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This occurs especially with the phobia of blood/injections/wounds; That is, if our parents (or one of them) suffers from it, it is likely that we do too (it may also be that we “inherit” a genetic predisposition that, added to other factors, increases the probability of suffering from it).

6. Dreams: the great mystery

Dreams are another of the great curiosities about the human mind. All people, to a greater or lesser extent, dream (and it is believed that, every night). What happens is that not all of us remember dreams when we wake up. Furthermore, if we remember them when we wake up but do not mentally review them or write them down, we are more likely to forget them.

On the other hand, it is known that dreams generally have a psychological meaning, which has to do with all that repressed, desired, censored material, etc., that we “veto”, unconsciously, when we are awake.

7. Memories

Another curious fact about the human mind, according to a study published in the Journal of Neuroscience, is that, When we remember something, it is not that we remember that specific eventbut we actually remember the last time we remembered said event or moment.

8. The phantom limb

Many people who have lost a part of their body due to amputation suffer from the so-called “phantom limb syndrome.” This syndrome It implies that the person feels that said part of the body is still there; besidesthis sensation is linked to others such as sensations of cold, pressure, heat, pain, etc., in that area or part of the body that you no longer really have.

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Experts believe that this fact has to do with the fact that the spinal cord is still sending messages to the brain.

9. The mystery of consciousness

Consciousness remains an unsolved mystery, which fields such as neuroscience, psychology, psychiatry, philosophy, etc., have been trying to unravel for years.

What is consciousness? How do we access it? Is it possible to really know her? Can it be investigated? Do people in comas have it? There are many questions in relation to it, and also the theories raised., but it is likely to remain a mystery for many years. What is clear is that it will continue to be one of the great curiosities about the human mind.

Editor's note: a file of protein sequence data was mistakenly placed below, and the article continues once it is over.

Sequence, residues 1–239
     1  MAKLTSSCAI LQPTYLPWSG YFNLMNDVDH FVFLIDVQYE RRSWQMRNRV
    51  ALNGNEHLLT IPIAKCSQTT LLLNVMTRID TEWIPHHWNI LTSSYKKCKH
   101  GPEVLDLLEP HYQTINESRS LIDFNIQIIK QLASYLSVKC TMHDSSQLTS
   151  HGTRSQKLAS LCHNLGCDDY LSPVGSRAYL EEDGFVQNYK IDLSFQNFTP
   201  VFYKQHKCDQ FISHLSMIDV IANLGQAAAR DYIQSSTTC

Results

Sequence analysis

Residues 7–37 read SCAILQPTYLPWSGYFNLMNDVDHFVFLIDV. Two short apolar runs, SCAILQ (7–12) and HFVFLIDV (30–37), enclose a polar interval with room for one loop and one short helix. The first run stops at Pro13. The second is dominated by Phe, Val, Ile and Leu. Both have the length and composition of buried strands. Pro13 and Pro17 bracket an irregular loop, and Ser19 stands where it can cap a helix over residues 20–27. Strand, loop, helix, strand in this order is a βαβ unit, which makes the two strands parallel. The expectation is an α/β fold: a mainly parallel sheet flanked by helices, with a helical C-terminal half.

10. The reproduction of neurons

Brain cells do not reproduce, or so it was believed until recently. However, research provided data to the contrary, and at the moment, according to the studies, some of the brain cells that reproduce are neurons located in the hippocampus (a structure related to memory and memories).

11. Brain plasticity

The human brain is plastic, that is, it has plasticity. Brain or neuronal plasticity (neuroplasticity) is the ability of the brain neurons to regenerate in an anatomical and functional way, forming new synaptic connectionsdepending on learning, needs and demands of the environment.

This plasticity, however, decreases over the years; In childhood it is the more plastic our brain is.

12. Critical periods

In relation to the previous point, we find another of the curiosities about the human mind, and that has to do with the periods in which the brain is more plastic and effective in consolidating certain learning.

That is to say, in childhood there are a series of “critical periods” where the child “must” learn a series of things (for example language), which if not done at that moment, becomes difficult later (because the brain loses this ability to adapt, restructure and regenerate).